Sunday, 19 August 2007

Beg Pardon?


Thanks Lynne for bringing The Loudest Sound And Nothing to my attention, and thanks Faber (or should that be Faber and Faber?) for sending me a copy to review, on my request.

You may well know about my recent penchant for short stories - and I couldn't resist reading a collection with such a great cover. Very simple-but-effective, which is the perfect recipe for a short story.

Very difficult to know what to say about Clare Wigfall's collection of stories. What The Loudest Sound And Nothing has made me realise is that, though many collections of short stories contain a lot of variety, they always have some identifiable style or wording or topic which is unmistakably consistent. Not so Ms. Wigfall. She covers so many periods, personas, styles, situations, nationalities and (though I haven't counted) no great imbalane in gender of narrator too. If they do share a common trait, it is the focus upon the unspoken. That's rather a truism of all literature post-1950, but rarely have I read it done without being irritating or merely included for effect. Wigfall's stories allow glimpses into lives, and wherever the image hinges on an untold aspect of these lives, it is the surrounding existence which grabs out attention. Sure, we don't know, say, what it is the barman tells the girl in 'Free'; we don't know what Mr. Turbridge's crime is in 'Night after Night' (though one can perhaps guess); we don't know what's going on in 'Safe', the most enigmatic story of them all. But in each of these cases, and throughout the collection, the portraits are complete enough to leave you satisfied. Not every story has an omission to illuminate the rest - in 'On Pale Green Walls', for example, understanding what's happening, when the narrator doesn't, is the crux.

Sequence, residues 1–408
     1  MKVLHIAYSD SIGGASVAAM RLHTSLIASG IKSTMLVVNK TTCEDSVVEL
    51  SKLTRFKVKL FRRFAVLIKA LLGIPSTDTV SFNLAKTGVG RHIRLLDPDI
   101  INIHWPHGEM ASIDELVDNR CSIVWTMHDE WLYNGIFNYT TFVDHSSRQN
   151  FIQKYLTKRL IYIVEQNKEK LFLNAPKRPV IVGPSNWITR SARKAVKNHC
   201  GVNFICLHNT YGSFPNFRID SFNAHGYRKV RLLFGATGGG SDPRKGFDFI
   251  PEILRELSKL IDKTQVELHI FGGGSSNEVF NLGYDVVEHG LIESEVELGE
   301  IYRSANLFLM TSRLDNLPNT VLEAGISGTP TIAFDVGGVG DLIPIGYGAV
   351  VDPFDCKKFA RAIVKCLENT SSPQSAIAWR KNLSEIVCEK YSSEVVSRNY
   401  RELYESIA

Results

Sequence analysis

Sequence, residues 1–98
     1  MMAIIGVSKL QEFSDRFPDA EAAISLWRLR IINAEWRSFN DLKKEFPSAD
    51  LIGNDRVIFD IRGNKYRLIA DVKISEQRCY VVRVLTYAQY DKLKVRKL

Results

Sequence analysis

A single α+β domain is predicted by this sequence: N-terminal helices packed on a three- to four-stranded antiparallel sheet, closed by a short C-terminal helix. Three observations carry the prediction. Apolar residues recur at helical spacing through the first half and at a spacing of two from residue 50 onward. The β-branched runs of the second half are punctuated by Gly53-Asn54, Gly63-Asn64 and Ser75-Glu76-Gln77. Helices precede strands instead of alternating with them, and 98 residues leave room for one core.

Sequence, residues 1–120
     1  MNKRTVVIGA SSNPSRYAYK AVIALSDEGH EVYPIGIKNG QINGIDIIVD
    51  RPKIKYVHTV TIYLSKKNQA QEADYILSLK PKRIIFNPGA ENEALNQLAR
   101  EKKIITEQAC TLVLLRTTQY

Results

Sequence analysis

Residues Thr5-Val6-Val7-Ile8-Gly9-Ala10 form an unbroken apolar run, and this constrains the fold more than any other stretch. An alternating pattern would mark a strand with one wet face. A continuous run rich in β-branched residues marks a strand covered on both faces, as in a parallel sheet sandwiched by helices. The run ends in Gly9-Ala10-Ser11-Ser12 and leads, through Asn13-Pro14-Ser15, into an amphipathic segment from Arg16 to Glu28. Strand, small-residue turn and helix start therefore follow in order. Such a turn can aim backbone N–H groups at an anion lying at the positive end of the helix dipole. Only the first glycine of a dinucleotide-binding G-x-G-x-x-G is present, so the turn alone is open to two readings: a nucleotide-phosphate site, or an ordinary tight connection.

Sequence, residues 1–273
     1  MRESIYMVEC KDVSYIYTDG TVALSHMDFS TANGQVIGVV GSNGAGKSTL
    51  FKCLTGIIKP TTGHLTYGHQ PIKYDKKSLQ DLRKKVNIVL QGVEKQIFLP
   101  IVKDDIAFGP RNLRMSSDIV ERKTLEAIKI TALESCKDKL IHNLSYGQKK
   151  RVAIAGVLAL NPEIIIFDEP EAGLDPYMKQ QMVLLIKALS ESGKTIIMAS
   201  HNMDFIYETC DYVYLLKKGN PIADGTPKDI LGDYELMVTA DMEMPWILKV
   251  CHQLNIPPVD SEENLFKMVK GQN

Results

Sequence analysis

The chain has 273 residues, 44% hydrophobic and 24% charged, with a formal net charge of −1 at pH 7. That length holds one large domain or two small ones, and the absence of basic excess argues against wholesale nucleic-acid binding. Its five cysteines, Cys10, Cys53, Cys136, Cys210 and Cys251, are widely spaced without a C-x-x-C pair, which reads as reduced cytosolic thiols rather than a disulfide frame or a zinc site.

Whichever way the story is structured, they all involve the reader in a way which I hope Wigfall can bottle and sell to potential writers. Because they're such a varied bunch, each must stand on its own merits - and I found that all but one of them did. Within sentences, Wigfall creates a miniature landscape of narrative, and even stories which last a few pages feel like complete entities. This is how the modern short story should be written.

3 comments:

  1. You make this sound like such a must read -- and that cover really is wonderful. Too bad it won't be out 'till September.

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  2. Just thought to say hello to you too - *waves* - as we both, it seems, have fabulous taste when it comes to name picking!

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  3. Yippee, yipeee, he cracks slowly but surely and loves something written after 1950, I'm winning! I have loved these Simon, rationed to one a day to see me through the Booker but only two left and then I shall be bereft, they have all been little gems of perfection and now I'm Mrs Short Story!

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